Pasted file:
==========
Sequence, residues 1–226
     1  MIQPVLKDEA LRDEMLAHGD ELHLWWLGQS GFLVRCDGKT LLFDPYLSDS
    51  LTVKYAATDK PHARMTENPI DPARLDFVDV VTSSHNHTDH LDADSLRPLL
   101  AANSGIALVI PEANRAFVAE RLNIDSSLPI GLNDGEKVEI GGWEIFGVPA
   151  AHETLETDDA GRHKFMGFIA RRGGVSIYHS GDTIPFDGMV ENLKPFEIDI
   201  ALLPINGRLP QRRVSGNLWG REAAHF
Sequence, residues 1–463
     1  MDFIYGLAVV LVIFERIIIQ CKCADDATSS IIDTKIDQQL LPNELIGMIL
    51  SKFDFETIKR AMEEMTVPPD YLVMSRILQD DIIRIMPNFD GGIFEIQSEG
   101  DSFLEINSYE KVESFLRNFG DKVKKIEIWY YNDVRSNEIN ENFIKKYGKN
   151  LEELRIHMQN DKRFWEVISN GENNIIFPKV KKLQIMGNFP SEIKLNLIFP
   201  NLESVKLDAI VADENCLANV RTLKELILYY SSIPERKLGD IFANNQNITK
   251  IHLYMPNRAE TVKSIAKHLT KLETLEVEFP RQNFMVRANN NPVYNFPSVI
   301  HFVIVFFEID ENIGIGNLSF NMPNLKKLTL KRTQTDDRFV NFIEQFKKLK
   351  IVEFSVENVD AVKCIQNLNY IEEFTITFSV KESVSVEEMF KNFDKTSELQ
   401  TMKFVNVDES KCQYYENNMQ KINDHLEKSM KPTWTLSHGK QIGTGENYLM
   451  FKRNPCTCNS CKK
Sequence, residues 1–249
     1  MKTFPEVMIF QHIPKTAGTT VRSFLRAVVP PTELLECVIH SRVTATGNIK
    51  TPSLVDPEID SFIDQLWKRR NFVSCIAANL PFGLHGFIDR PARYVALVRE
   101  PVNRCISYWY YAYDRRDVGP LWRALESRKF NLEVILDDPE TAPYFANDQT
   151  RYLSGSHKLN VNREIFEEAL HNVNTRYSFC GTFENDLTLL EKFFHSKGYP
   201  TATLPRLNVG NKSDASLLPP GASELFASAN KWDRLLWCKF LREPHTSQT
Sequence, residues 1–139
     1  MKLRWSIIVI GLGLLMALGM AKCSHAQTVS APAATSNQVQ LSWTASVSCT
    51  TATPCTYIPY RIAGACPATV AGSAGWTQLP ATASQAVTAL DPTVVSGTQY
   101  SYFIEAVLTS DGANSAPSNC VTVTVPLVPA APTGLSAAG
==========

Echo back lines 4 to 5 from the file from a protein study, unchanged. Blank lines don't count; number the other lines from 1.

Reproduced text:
   101  AANSGIALVI PEANRAFVAE RLNIDSSLPI GLNDGEKVEI GGWEIFGVPA
   151  AHETLETDDA GRHKFMGFIA RRGGVSIYHS GDTIPFDGMV ENLKPFEIDI